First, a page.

Five hours into my eight-hour layover in LAX, I have begun a new game of Travel Scrabble with my companion. Travel Scrabble is compact and ridgy so that the tiles will snap into place and not become dislodged if the board were to, say, suddenly sail through the air toward the Cinnabon dumpster. The board is clear. I have one vowel and two possible three-letter words. I had already decided to take at least fifteen minutes for my turn in order to give my companion some much-needed time for reflection. After a minute I have bored myself and snapped down my word. My companion leans back, cracks his fingers, and settles in like a bear in winter. I drift.

We are in the international airport. The Estee Lauder ad for Perfectionist wrinkle lifting serum shines from every single wall. But wait! Could it be? They are not the same. Yes: each one is in a different language. A completely different alphabet! My lord. It is the Rosetta Stone. Right here in LAX. A good scholar could, given enough time, discover the key that unlocks almost any language. Could discover how to say “New! The first wrinkle lifting serum to use CP+R technology” in every tongue known to mankind. Right next to the English version is an ad using some kind of characters. Letters in our alphabet correspond to sounds, so that speech can be transcribed. Characters may have nothing to do with sounds. They’re called characters because they’re like little personalities all to themselves. They’re pictures. Of things, mostly. So there may be a stroke that depicts “tree” and another that depicts “woman” and we’re supposed to know if this character represents Mother Nature or Dry, Scaly Skin. Not only that, but instead of reclining comfortably across the page like letters, the characters are strung up by the neck, and it’s up to us to see how they’re hanging. The system is almost completely inscrutable to all but about two billion people, so this is a rare opportunity for someone with a lot of time between flights to crack the code.

It’s not easy. The stroke for tree, for instance, can mean tree, or maybe, because of implied height, “basketball-player,” and the stroke for sky can mean sky, or, possibly, the concept of “strategy,” which apparently used to sound like the word for sky a few centuries ago; and with the addition of a small dash halfway up the tree-stroke on the right (“squirrel”), suggesting quick movement, gives us the character tree-squirrel-sky, or “pick-and-roll offense.” Not to be confused with the character with the squirrel-dash placed higher near the sky (“bat”) or at the base of the tree (“plummet,” “rabies,” or “a walk in the park”). It is a system without mercy. Sloppy penmanship dooms the author to obscurity.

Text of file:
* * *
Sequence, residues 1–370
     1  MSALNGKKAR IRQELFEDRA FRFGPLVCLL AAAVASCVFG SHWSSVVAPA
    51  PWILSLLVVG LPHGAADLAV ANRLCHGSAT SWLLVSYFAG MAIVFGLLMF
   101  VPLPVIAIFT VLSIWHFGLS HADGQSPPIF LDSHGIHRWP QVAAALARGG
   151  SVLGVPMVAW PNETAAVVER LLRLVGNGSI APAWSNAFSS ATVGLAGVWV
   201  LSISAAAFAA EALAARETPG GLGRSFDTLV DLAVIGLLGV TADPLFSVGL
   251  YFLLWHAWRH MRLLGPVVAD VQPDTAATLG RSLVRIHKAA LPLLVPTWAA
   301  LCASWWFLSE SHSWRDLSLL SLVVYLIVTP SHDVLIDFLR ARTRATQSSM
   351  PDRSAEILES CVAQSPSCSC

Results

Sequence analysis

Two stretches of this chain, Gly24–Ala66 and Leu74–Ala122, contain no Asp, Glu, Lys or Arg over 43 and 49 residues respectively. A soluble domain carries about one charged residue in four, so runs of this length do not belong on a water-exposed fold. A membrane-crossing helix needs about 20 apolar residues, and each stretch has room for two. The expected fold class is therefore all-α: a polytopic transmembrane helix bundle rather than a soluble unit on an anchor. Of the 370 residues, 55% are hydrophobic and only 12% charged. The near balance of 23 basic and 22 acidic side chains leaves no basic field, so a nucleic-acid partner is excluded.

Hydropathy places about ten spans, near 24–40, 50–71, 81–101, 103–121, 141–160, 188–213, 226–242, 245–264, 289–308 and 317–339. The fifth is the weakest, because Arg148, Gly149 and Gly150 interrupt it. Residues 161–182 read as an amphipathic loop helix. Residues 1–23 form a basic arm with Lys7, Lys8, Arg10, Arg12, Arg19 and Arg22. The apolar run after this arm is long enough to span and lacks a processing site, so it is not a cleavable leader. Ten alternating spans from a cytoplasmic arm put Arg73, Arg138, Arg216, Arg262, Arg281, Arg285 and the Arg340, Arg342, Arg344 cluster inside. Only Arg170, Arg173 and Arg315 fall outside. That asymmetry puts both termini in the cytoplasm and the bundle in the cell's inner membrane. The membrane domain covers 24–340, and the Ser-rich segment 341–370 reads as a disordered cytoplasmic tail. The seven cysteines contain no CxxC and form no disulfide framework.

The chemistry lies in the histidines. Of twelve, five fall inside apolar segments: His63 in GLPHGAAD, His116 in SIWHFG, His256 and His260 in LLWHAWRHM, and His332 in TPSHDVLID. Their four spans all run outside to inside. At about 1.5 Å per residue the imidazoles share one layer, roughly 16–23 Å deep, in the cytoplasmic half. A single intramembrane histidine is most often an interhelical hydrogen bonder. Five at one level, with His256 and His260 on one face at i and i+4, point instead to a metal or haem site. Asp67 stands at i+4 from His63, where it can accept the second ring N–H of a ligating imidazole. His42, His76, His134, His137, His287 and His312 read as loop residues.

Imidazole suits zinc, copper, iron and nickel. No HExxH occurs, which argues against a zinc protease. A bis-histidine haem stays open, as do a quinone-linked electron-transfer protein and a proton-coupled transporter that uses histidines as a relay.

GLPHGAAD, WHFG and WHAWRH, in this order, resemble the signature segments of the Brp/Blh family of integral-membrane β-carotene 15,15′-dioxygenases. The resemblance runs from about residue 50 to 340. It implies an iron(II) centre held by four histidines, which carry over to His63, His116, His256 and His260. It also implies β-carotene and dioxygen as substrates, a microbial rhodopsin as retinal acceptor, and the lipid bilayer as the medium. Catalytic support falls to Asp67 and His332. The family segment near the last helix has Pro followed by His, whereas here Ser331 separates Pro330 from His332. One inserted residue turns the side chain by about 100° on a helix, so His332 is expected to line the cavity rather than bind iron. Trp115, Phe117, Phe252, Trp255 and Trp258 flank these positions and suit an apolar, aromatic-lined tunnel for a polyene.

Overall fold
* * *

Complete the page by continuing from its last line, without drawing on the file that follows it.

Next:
This Rosetta-Stone business is serious scholarly work. It takes a lot of concentration, and there is no guarantee a person can pursue it and prevail at Scrabble too, especially when playing with a man who has no sense of the passage of time. Especially when he has a nicer rack.

Look! There is a whole little mob of characters on the Korean version, all corresponding to the compact English “New!” I study, and after a few hours, its mystery is revealed: Dear Leader on a pedestal, Dear Leader on a pedestal with X’s over his eyes,  and then Dear Leader on a pedestal again. A native speaker will get it right away. But what a load to lug around, in place of new!–a slim dart of a word from a git-er-done language. New! Crisp, sharp, pins its meaning to the mat and rolls off, ready for action. Yeah, baby. That’s my language. Big, muscular, agile English, all swagger and punch, and home to a thumping vocabulary, a treasury of words stolen from everyone and everywhere, the echoes of one conquered people after another. And words admired from a thousand voyages and stashed into the luggage on the way home. They’re all ours now, nimble, sly, supple, and all of them slingable. Like the choice chunk of Middle English that I could sling at this Scrabble game right now. If I had a “U.”